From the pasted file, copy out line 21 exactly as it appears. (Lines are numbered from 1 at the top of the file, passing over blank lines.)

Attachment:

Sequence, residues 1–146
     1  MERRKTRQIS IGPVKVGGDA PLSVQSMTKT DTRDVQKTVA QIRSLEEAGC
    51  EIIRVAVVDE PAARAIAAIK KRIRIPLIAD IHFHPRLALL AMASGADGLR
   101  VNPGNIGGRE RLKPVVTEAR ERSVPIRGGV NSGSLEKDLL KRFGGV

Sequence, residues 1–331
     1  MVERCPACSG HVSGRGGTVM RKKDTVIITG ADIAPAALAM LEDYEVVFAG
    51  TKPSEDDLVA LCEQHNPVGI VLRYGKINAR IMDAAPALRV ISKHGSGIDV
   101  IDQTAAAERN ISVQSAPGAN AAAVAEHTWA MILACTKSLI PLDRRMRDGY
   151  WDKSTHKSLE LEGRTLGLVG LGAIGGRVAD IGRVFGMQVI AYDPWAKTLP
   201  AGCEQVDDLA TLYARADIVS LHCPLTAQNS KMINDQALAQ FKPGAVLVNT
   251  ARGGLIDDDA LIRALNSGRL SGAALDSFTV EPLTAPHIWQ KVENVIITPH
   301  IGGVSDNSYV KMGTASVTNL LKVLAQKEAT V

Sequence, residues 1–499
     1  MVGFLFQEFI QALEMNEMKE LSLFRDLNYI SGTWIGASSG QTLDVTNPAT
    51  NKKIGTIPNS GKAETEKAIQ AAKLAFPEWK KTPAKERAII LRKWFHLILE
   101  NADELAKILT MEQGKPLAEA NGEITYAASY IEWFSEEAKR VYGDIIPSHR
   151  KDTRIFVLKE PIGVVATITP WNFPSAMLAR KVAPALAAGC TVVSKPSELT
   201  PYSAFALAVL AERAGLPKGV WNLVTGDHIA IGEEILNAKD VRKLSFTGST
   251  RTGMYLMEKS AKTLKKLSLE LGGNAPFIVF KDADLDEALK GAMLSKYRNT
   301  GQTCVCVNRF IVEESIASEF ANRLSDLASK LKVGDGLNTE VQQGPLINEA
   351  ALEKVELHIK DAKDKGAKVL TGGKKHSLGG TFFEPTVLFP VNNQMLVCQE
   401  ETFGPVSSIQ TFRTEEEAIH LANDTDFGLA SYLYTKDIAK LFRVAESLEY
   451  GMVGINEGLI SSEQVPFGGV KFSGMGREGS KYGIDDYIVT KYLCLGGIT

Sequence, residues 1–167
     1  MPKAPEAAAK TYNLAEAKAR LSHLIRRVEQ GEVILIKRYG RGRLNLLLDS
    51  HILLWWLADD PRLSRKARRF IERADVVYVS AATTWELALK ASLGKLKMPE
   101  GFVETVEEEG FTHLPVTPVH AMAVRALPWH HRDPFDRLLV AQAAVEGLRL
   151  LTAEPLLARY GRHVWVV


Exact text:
   351  ALEKVELHIK DAKDKGAKVL TGGKKHSLGG TFFEPTVLFP VNNQMLVCQE